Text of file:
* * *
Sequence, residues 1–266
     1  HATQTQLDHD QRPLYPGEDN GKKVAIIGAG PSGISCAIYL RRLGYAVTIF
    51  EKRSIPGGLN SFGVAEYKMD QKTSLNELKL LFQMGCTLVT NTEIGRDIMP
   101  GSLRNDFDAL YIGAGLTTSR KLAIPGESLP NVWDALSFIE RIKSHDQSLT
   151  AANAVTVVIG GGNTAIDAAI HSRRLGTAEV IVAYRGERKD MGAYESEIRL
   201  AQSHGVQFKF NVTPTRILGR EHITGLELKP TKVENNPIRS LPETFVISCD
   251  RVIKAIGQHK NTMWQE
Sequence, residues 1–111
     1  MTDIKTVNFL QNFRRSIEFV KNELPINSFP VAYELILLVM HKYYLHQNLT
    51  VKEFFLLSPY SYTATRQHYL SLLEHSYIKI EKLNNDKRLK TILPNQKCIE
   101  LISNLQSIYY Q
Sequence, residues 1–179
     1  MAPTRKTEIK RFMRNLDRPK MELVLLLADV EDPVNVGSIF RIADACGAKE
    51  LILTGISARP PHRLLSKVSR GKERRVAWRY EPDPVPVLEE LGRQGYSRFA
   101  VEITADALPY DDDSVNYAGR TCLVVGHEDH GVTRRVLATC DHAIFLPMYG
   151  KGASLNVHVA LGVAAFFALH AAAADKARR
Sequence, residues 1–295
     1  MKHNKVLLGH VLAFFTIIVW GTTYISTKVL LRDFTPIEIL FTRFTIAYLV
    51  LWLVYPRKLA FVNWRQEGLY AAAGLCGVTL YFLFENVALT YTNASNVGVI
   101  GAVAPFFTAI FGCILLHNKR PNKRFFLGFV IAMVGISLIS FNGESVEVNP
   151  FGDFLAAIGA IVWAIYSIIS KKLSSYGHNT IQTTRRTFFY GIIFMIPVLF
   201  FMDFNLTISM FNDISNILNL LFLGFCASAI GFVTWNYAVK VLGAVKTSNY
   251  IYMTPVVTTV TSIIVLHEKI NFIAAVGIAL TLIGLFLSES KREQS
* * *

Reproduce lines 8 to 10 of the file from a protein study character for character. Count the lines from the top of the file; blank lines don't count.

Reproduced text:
Sequence, residues 1–111
     1  MTDIKTVNFL QNFRRSIEFV KNELPINSFP VAYELILLVM HKYYLHQNLT
    51  VKEFFLLSPY SYTATRQHYL SLLEHSYIKI EKLNNDKRLK TILPNQKCIE